UPDATED – The Mass Effect 3 Ending Scandal – SPOILERS


Now, to be clear, this is not a case of me straight up ranting over which particular camp is correct. I will voice my opinions on the ending, but I’ll also provide an overview of the various reactions to the ending of Mass Effect 3.

By the way, when I say ending, I’m talking about the very last conversation and choice you get to make, which is about 5-10 minutes.  The rest of it is pretty damn awesome.

So, from here on out I have to throw up a spoiler warning.

SERIOUSLY OH GOD THE MASSIVE, MASSIVE SPOILERS! TURN BACK NOW IF YOU HAVEN’T FINISHED THE GAME. PLEASE!

*ahem*

So, at the end of Mass Effect 3 you’re trying to fire the Crucible, a superweapon of ancient design that will hopefully stop the Reapers once and for all. Every damn fleet you’ve assembled is there to try to take back Earth and get this damn weapon fired. But the key to firing the Crucible is, in fact, the Citadel, which the Reapers have parked over London. Shepard and Anderson lead a last ditch ground assault to secure it, and on the way Shepard takes a direct hit from a Reaper cannon & survives, and the Illusive Man turns out to have been indoctrinated by the Reapers.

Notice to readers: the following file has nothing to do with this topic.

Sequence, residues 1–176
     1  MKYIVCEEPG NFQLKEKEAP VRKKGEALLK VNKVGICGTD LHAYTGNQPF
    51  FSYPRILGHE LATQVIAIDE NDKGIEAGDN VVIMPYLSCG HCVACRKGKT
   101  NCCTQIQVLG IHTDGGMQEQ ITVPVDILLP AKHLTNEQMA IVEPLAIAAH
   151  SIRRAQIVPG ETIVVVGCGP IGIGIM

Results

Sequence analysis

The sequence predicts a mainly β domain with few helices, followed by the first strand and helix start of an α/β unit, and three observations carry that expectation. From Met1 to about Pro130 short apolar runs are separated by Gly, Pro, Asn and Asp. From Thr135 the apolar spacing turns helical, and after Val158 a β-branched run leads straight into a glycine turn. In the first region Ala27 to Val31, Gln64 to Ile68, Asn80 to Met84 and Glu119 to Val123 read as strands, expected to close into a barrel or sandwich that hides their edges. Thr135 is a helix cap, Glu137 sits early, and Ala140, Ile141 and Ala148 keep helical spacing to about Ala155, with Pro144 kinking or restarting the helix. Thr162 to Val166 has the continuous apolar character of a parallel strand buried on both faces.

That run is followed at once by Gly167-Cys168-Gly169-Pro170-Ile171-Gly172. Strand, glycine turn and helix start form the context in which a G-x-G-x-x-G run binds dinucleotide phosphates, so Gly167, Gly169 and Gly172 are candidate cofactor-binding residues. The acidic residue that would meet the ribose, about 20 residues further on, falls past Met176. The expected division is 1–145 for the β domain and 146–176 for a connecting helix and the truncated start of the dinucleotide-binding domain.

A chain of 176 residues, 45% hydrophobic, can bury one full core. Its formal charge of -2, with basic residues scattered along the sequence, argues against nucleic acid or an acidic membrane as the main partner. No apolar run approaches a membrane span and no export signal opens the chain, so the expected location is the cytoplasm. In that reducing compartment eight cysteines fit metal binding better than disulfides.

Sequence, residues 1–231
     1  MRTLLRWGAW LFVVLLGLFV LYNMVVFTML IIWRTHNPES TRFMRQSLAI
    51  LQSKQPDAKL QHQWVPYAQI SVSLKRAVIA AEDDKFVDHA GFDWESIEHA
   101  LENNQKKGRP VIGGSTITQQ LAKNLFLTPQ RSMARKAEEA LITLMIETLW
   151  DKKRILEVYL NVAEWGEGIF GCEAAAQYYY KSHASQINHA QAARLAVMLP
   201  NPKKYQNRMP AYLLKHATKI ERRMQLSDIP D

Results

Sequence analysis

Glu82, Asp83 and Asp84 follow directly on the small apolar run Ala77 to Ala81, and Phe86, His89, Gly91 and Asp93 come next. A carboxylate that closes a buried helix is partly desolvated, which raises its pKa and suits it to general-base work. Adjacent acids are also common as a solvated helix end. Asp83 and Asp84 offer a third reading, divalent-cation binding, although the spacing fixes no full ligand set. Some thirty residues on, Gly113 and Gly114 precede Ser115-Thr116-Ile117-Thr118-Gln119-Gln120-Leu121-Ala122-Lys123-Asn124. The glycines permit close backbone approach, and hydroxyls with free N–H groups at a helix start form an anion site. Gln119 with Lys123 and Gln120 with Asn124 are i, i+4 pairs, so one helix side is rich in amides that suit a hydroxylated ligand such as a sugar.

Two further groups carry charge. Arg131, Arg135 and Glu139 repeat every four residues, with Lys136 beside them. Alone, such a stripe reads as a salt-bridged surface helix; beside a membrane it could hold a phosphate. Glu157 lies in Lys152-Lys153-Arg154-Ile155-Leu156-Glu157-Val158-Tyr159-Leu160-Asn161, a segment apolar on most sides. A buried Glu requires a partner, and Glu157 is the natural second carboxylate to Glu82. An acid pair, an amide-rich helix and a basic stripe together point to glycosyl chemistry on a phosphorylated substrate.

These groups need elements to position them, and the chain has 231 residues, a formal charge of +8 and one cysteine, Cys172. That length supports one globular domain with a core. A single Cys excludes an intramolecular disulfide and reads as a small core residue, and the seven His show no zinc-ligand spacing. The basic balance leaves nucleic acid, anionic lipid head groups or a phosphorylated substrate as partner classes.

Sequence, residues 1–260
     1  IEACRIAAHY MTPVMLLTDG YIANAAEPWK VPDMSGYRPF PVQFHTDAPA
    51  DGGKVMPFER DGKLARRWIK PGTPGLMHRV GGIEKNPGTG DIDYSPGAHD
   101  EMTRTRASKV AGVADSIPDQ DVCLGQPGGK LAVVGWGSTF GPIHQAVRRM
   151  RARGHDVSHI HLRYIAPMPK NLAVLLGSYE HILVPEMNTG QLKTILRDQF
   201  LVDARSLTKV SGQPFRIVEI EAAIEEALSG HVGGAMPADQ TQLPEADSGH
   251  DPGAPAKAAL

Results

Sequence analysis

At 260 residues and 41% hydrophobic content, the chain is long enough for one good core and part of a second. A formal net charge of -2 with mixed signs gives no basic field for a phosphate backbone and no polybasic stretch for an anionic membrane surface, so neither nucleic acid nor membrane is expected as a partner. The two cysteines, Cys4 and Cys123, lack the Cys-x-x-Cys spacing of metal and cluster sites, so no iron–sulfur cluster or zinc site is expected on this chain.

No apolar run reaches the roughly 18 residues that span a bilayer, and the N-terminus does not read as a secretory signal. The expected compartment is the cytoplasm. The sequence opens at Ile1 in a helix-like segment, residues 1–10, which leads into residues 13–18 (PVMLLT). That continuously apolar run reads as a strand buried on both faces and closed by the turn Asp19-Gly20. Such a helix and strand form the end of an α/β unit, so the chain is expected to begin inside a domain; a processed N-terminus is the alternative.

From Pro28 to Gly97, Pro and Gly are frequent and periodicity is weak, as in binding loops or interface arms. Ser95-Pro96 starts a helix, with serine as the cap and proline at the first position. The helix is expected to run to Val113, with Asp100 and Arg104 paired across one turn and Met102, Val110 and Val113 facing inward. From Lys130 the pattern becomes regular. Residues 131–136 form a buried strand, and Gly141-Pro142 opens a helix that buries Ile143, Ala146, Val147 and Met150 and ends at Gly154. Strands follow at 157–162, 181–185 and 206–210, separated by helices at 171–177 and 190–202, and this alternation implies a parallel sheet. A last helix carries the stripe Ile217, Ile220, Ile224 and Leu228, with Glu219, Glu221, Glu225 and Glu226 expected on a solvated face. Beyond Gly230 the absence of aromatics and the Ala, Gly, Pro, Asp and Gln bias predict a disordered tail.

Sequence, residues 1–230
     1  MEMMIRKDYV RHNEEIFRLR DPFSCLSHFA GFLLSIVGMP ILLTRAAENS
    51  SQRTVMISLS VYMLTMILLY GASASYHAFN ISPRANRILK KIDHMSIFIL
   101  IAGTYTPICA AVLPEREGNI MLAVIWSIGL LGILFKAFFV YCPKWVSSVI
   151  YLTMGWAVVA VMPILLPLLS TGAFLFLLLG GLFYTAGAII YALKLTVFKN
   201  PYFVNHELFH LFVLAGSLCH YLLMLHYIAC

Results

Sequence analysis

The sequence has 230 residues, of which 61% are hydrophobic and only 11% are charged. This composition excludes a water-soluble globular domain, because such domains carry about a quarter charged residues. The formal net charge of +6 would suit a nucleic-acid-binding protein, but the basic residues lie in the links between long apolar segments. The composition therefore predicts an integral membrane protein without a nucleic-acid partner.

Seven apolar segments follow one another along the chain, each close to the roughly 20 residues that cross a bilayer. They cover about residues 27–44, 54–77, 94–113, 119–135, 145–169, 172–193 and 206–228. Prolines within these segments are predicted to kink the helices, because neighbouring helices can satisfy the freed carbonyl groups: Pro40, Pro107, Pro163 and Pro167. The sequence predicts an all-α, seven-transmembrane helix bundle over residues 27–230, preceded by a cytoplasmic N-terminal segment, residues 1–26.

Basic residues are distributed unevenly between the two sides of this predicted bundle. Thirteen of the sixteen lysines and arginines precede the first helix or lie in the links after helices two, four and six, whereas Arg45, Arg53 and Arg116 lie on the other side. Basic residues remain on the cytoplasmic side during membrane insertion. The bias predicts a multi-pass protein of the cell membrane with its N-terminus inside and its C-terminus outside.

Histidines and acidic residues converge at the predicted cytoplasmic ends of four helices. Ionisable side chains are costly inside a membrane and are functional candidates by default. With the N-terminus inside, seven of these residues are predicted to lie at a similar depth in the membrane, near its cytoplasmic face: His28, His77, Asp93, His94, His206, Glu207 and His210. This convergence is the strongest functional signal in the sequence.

And so it seems Shepard’s journey is over. He sits with Anderson to watch the end of it all. But it doesn’t fire. Shepard tries to reach the console again and collapses. When he wakes, an ancient VI tells him the purpose of the Reapers. Organic life always create synthetic life that then tries to destroy organic like.  And so, the Reapers exist to “save” sentient life by turning them into Reapers, destroying synthetic life and allowing new life to grow.

Shepard is now told that this system has failed because Shepard made it so far. He can choose to destroy all synthetic life, including the Geth and EDI, take control of the Reapers and force them to leave, or sacrifice himself to cause a fusion of organic and synthetic life. But whichever way, all the Mass Relays will be destroyed. So no interstellar travel.

What’s wrong with this conceptually? Nothing. Conceptually. But this isn’t just one game.  It’s a trilogy we’ve been playing over 5 years. A trilogy where we’ve not only chosen, but worked to make our choices to come to fruition. Ultimately, what does it matter if the krogan would start a galactic war with the Genophage cured? The Mass Relays are destroyed. They can’t travel anywhere outside of the Sol System.

What do all those fleets do now they’re stranded on a ruined Earth? Who knows! We never get any explanation about how everything plays out in the end. I have all these problems and more with the ending.  But, at the same time I can see what they’re doing. They’re trying to remind us that this conflict is bigger than just the cycle we’re experiencing. They’re trying to show we can’t always have that “golden ending”. Also, the ending was meant to be memorable and divisive, something we could discuss for years.